Saturday, October 17, 2009

Bouchercon 2009, Day 3


Alek went out for a haircut this morning with dad. He's a shoo-in for "Axe Murderer" in "Axe Murderer/Not An Axe Murderer" now. Although I don't know if anyone plays that game in Lincoln.

While they hit up the barber shop - a place so traditional I can't get a haircut there because I shave my legs - I headed over to the convention center for The MWA Celebrates Edgar Allen Poe panel (Michael Connelly, Sue Grafton, Peter Lovesey, John Lutz, Sara Paretsky). During the pre-panel wait, I struck up a conversation with the woman in front of me, during which it came out that I hadn't read novels by any of the authors on the panel - I was there for the content rather than the speakers. The woman asks, "Oh, so you're not a mystery reader?"

Well, I am, I'm just working up from Poe and Doyle and Christie and Stout to authors who are, you know, alive. As it happens I've finally made the transition from authors who are dead to authors who are "extremely old" (his words, not mine), like Michael Z. Lewin. Frankly, though, I couldn't get too annoyed at a woman who volunteers at food pantries and a steam boat museum (!) in her free time. When I'm older, I will be more than happy to become a "full-time volunteer."

The panel itself was interesting. There were people who knew much more about Poe than I ever have - and one woman in a truly cool themed vest - so I walked away with some new information. There was also a discussion about why, if Poe was bipolar (as has been suggested), there's no evidence of any writing from his "up" periods, and the running joke became "where are the tree poems?" Toward the end of the panel, Sara Paretsky randomly bust out with a "Poe poem" that does involve trees. I've done my best to reproduce it here from memory, so if you were also in the panel please feel free to correct me:

I think that I shall never see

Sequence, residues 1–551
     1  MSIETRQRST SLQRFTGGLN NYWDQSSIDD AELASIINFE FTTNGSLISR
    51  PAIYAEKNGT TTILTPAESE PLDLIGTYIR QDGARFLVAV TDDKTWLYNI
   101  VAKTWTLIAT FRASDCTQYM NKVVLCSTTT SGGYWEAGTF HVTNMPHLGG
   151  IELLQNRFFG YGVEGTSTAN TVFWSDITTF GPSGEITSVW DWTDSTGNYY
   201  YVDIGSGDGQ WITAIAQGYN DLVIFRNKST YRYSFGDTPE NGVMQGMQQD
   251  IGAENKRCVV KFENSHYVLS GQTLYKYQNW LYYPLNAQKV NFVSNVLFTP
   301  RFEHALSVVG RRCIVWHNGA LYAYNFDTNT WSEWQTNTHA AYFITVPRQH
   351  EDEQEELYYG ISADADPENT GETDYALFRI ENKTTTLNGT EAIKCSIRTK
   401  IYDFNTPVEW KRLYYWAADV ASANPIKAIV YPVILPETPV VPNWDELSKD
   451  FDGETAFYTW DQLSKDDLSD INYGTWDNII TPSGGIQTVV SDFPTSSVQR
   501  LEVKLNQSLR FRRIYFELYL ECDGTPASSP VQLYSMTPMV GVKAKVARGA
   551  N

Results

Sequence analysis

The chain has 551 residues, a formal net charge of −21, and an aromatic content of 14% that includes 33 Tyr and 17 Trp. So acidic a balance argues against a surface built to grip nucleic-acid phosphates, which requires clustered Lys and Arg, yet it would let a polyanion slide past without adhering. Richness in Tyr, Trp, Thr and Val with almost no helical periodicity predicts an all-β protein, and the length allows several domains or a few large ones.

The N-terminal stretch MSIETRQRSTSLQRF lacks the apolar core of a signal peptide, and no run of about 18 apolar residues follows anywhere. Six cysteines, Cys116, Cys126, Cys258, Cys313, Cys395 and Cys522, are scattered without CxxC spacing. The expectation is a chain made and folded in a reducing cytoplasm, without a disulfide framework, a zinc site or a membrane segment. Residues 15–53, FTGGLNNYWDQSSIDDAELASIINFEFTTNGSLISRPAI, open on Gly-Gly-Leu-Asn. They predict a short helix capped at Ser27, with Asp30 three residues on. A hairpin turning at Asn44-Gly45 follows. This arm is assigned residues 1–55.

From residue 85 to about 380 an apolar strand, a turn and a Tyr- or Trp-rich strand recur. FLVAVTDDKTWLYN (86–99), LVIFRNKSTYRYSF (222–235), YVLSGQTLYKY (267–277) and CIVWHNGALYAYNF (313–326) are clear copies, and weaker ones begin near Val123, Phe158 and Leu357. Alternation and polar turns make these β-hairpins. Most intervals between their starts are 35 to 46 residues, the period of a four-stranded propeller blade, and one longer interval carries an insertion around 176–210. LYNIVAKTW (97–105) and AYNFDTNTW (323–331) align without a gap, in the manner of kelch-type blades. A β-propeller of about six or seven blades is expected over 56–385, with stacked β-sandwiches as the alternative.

A murder committed by a tree
Unless for asshole takes an ax
And gives that sucker 40 whacks
While some fool -let's call her me-
Walks past, and it crushes she.

Afterwards I had quite a bit of free time, even after I spent 20 minutes over at the Crimefest table. I think I might have to see if I can save up the $ necessary to go next May for two weeks: the full package includes trips by ferry and steam train, discussions over coffee, and a trip to Dartmoor in addition to room and board during Crimefest.

The Bouchercon 1934 panel (Ted Hertel, Marv Lachman, Larry Light, Gary Warren Niebuhr...I think), which came after a lunch of White Castle, covered the news, births/deaths, novels, short stories, and pulp magazines of the year. I especially enjoyed the ads from pulp mystery magazines: "dentures by mail", anyone? And, just as things got rolling, a reporter and Archie Goodwin's girlfriend showed up, so they conducted an interview during the panel. The last panel was The Sting Goes On (John Billheimer, Michael Bowen, Sean Doolittle, Jack Getze, Richard Thompson - except one of them called out sick and I don't remember who it was), which had a surprisingly small audience. I have no idea why more mystery fans wouldn't want to sit through a panel on cons; they appear in nearly every mystery I've read. Regardless, all the people who didn't attend missed a very fun/funny conversation ("I'm so slow, if I wrote guys trying to run the 'fiddle game', they'd be using a piano").

After The Sting Goes on, dad and I walked around the city a bit, up Mass. Ave. The "artsy" district was quite a disappointment in terms of things to do, so we made our own fun with my camera.

However, I'm not certain how much of what we took would be considered "serious art."
There's nothing that makes me want to enter a gallery less than "Serious Art" on the window. There's all sorts of free and fun art outside.
There was supposed to be a screening of one of the A&E episodes of Nero Wolfe, but technical difficulties (in the vein of "tapes don't go in a dvd player") nipped that in the bud. We did have a nice conversation with an author (Roberta Rogow) who kindly sang a few snippets of song for us. Once the room cleared out and people headed home, we got bored and wandered the convention area and, as usual, created our own fun.

I had a brief Zen moment where I found myself
but it passed.

All following photos published with apologies (and thanks?) to Michael Connelly, Martin Limon, Rick Mofina, the moon, the creators of James Bond, and shoe shiners everywhere.

I thought I'd end with a photo of dad and me on our thrones. Because "throne" makes me giggle.

Photos will be added tomorrow night. We have to get to bed early because there are free books tomorrow morning.

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